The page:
2011

QUICK REVIEW OF SOME MEDICAL TOPICS

ETSUBE TAHC 2011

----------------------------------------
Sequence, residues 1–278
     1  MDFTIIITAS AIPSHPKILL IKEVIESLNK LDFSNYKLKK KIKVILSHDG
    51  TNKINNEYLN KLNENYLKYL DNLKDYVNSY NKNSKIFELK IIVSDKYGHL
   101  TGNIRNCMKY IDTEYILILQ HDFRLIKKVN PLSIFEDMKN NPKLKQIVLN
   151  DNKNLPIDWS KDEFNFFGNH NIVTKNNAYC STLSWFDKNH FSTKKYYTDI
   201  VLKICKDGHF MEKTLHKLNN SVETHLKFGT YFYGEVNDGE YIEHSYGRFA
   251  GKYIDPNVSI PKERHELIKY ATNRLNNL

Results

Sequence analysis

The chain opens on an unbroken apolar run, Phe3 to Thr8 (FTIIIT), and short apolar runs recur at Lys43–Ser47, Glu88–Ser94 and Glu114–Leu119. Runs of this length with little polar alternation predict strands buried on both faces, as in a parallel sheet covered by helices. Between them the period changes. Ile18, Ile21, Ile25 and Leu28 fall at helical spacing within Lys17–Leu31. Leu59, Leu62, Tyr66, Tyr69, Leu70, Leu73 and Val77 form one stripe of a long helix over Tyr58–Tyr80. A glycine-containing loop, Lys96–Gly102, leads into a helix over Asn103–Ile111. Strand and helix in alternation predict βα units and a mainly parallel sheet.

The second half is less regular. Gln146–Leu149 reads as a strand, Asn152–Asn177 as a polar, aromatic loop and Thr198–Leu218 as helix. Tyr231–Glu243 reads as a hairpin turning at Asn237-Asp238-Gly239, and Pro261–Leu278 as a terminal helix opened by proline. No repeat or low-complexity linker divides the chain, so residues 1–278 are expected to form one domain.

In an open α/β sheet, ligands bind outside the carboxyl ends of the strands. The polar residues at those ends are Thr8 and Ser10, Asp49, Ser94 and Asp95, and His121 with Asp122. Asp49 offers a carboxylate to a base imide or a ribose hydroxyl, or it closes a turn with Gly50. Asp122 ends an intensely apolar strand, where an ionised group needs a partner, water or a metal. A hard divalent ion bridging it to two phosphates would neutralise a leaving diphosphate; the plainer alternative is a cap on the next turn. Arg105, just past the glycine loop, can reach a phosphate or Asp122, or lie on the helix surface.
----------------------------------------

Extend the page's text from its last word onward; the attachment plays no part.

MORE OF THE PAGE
Acute Respiratory Failure A. Definition Acute respiratory failure is defined as hypoxemia (i.e., a PaO2 of <50 mm Hg) with or without associated hypercapnia (i.e., a PaCO2 of >45 mm Hg). B. Classification Acute respiratory failure can be divided into two types. 1. Type I: respiratory failure without carbon dioxide retention (i.e., low PaO2 with low or normal PaCO2). This type of respiratory failure is characterized by marked [V]/[Q] abnormalities and intrapulmonary shunting. Type I respiratory failure occurs in such clinical settings as: a. Acute respiratory distress syndrome (ARDS) [see VI] b. Diffuse pneumonia (viral and bacterial) c. Aspiration pneumonitis d. Fat embolism e. Pulmonary edema 2. Type II: respiratory failure with carbon dioxide retention (i.e., low PaO2 with elevated PaCO2). Type II respiratory failure, or ventilatory failure, has two basic physiologic abnormalities - [V]/[Q] imbalance and inadequate alveolar ventilation. Patients with type II respiratory failure are divided into two categories. a. Patients with intrinsic lung disease characterized by both [V]/[Q] imbalance and inadequate alveolar ventilation. Respiratory failure is precipitated by additional clinical insult, usually infection, which worsens the physiologic abnormalities. Examples of such lung diseases include: (1) COPD (chronic bronchitis, emphysema) and cystic fibrosis (2) Acute obstructive lung disease (asthma, severe acute bronchitis) b. Patients with intrinsically normal lungs but with inadequate ventilation due to: (1) Disorders of respiratory control [e.g., as a result of drug overdose, central nervous system(CNS) disease, trauma, or cerebrovascular accident (CVA)] (2) Neuromuscular abnormalities (e.g., poliomyelitis, myasthenia gravis, Guillain Barre syndrome) (3) Chest wall trauma, kyphoscoliosis, upper airway obstruction C. Pathophysiologic mechanisms of hypoxemia 1. [V]/[Q] imbalance, the most common pathophysiologic cause of hypoxemia, arises when alveolar ventilation decreases with respect to perfusion in the lung. Hypoxemia resulting from a moderate alteration in the [V]/[Q] can be reversed with relatively small increases in the inspired oxygen concentration (i.e., 24% - 40% inspired oxygen). 2. Intrapulmonary shunting occurs when ventilation approaches or reaches zero in perfused areas (e.g., due to collapsed or fluid-filled alveoli), so that venous blood is shunted directly to the arterial circulation without first being oxygenated. Hypoxemia due to a shunt frequently cannot be corrected, even with 100% inspired oxygen. 3. Hypoventilation with resulting hypercapnia may contribute to hypoxemia. This results in type II respiratory failure. 4. An abnormality in the diffusion of oxygen across the alveolar-capillary membrane may contribute to hypoxemia during exercise or in conditions of lowered inspired oxygen content [most commonly due to high altitude, e.g., during a commercial airline flight). However, the contribution of this mechanism to respiratory failure, if any, is insignificant. D. Therapy 1. Principles. Treatment is directed toward the underlying disease as well as toward the ventilatory and hypoxic components. In addition, the acute and chronic aspects of respiratory failure must be considered. Patients with chronic respiratory failure frequently can tolerate a lower PaO2 and a higher PaCO2 than those with acute respiratory failure. 2. Oxygen therapy a. In type I respiratory failure, patients may be given high concentrations of inspired oxygen, because carbon dioxide retention is not a risk. Oxygen